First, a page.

Interactions in the Directory Synchronization Service

The central mechanism triggering all such synchronization activities is the Oracle back-end directory change log. It adds one or more entries for every change to any connected directory, including the Oracle back-end directory. The Oracle Directory Synchronization Service:

  • Monitors the change log.

  • Takes action whenever a change corresponds to one or more synchronization profiles.

  • Supplies the appropriate change to all other connected directories whose individual profiles correspond to the logged change. Such directories could include, for example, Oracle RDBMS, Oracle Human Resources, Microsoft Active Directory, Oracle Unified Directory, Oracle Directory Server Enterprise Edition, Novell eDirectory, IBM Tivoli Directory Server, or OpenLDAP. The Oracle Directory Synchronization Service supplies these changes using the interface and format required by the connected directory. Synchronization through the Oracle Directory Integration Platform connectors ensures that the Oracle back-end directory remains up-to-date with all the information that the Oracle back-end directory clients need.

1.4.2.3 Understanding the Oracle Directory Integration Platform Provisioning Service

The Oracle Directory Integration Platform Provisioning Service, which includes Provisioning Enterprise JavaBeans (EJB) and the Quartz Scheduler, ensures that each provisioned application is notified of changes in, for example, user or group information. To do this, it relies on the information contained in a provisioning integration profile. Each provisioning profile:

  • Uniquely identifies the application and organization to which it applies

  • Specifies, for example, the users, groups, and operations requiring the application to be notified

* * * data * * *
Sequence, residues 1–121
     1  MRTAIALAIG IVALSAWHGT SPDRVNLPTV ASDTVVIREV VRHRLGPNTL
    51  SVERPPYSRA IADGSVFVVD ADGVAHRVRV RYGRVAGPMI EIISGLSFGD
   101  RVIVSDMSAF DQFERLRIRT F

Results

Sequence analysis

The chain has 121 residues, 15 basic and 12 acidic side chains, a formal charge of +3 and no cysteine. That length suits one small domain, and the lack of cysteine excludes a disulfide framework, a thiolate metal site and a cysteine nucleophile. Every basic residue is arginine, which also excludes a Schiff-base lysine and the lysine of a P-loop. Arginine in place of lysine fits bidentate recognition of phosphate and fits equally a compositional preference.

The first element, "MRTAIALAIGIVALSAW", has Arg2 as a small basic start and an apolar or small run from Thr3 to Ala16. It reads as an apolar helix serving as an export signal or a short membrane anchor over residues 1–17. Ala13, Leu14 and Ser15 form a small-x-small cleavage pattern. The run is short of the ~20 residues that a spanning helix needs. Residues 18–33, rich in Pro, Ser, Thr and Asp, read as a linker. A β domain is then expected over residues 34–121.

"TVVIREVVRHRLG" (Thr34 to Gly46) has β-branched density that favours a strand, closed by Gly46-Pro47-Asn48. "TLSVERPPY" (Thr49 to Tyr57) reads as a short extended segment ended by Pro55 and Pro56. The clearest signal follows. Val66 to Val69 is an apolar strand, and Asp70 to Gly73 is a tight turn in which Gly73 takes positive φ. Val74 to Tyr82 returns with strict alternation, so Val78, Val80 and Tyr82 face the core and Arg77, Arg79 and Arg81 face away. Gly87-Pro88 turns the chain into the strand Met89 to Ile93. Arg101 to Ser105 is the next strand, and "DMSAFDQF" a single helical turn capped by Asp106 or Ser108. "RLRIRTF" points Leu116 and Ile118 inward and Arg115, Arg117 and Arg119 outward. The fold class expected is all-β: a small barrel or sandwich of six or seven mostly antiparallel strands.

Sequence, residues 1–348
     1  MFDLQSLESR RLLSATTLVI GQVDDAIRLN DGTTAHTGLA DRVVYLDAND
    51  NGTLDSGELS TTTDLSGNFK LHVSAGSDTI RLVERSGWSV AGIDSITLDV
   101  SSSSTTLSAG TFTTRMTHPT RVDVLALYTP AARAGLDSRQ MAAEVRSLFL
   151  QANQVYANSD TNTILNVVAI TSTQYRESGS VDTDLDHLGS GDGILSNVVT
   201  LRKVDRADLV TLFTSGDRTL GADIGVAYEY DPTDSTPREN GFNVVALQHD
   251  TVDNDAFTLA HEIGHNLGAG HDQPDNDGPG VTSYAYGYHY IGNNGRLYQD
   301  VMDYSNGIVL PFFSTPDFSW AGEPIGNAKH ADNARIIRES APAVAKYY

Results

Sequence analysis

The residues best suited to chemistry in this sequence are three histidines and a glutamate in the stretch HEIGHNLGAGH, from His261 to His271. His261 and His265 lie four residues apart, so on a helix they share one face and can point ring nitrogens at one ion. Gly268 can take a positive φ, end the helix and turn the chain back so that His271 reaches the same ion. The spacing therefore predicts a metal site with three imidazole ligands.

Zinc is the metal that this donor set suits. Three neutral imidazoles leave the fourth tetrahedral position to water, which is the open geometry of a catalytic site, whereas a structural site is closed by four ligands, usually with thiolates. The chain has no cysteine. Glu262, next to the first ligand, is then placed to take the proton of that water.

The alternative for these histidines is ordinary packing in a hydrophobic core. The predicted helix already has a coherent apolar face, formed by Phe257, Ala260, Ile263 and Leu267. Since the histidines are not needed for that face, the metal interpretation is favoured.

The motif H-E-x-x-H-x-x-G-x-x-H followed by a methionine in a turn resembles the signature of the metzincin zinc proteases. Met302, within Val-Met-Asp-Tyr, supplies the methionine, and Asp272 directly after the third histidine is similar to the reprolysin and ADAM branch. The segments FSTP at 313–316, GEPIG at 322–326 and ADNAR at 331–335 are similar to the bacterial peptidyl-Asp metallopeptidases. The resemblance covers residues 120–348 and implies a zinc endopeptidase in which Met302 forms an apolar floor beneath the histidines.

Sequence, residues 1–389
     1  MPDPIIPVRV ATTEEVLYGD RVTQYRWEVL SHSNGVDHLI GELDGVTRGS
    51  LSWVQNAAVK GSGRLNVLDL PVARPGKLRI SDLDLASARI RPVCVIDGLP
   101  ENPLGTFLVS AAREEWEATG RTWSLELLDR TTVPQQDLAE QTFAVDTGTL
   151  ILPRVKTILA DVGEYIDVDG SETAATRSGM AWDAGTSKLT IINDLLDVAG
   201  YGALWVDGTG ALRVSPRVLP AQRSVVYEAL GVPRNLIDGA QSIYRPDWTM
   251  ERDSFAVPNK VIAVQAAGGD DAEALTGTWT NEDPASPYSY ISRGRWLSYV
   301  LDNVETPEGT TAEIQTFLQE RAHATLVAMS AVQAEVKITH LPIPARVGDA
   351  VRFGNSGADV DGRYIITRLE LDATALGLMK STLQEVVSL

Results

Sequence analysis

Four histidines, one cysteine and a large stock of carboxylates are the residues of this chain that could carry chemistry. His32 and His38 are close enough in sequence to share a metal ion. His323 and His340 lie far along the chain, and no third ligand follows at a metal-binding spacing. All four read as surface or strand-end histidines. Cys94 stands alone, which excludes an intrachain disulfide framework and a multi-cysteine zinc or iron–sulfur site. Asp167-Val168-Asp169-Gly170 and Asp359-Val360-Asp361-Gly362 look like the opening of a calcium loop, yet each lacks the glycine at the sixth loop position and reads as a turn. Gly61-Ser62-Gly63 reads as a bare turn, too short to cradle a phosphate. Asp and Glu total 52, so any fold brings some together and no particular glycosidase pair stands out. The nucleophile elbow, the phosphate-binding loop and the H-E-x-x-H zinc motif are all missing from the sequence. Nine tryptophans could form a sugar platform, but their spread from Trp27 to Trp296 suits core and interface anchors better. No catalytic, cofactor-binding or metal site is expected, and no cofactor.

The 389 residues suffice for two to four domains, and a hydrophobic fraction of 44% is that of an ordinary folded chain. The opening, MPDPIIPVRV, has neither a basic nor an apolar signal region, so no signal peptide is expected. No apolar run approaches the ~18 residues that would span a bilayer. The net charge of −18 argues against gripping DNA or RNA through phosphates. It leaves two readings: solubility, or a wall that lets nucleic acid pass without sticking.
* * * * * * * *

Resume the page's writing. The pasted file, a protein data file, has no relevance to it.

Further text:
When changes in the Oracle back-end directory match what is specified in the provisioning profile of an application, the Oracle Directory Integration Platform Service sends the relevant data to that application.

Note:

A legacy application—that is, one that was operational before the Oracle Directory Integration Platform Service was installed—would not have subscribed in the usual way during installation. To enable such an application to receive provisioning information, a provisioning agent, in addition to the provisioning profile, must be developed. The agent must be able to translate the relevant data from the Oracle back-end directory into the exact format required by the legacy application.

Figure 1-3 shows the interactions among components in an Oracle Directory Integration Platform Service environment, including the special case of a provisioning agent for a legacy application.

Figure 1-3 Interactions of the Oracle Directory Integration Platform Provisioning Service

Interactions of the Provisioning Integration Service

1.4.3 Oracle Application Server Single Sign-On

Oracle Application Server Single Sign-On (OracleAS Single Sign-On Server) enables users to access Oracle Web-based components by logging in only once.

Oracle components delegate the login function to the OracleAS Single Sign-On Server. When a user first logs in to an Oracle component, the component redirects the login to the OracleAS Single Sign-On Server. The OracleAS Single Sign-On Server authenticates the user by verifying the credentials entered by the user against those stored in the Oracle back-end directory. After authenticating the user, and throughout the rest of the session, the OracleAS Single Sign-On Server grants the user access to all the components the user both seeks and is authorized to use.

Note:

Oracle Directory Integration Platform 11g Release 1 (11.1.1) interoperates with and supports Oracle Application Server Single Sign-On 10g Release 10.1.4.3.0.

Be aware that Oracle Application Server Single Sign-On has been deprecated in favor of Oracle Access Management 11gR1 single sign-on. Customers are advised to migrate to Oracle Access Management 11gR1 as soon as it is certified with their products.

For more information see the Oracle Lifetime Support Policy for Oracle Single Sign-on:

http://www.oracle.com/us/support/lifetime-support/index.html

See Also:

Oracle Enterprise Single Sign-On Suite Plus Administrator's Guide for information about OracleAS Single Sign-On Server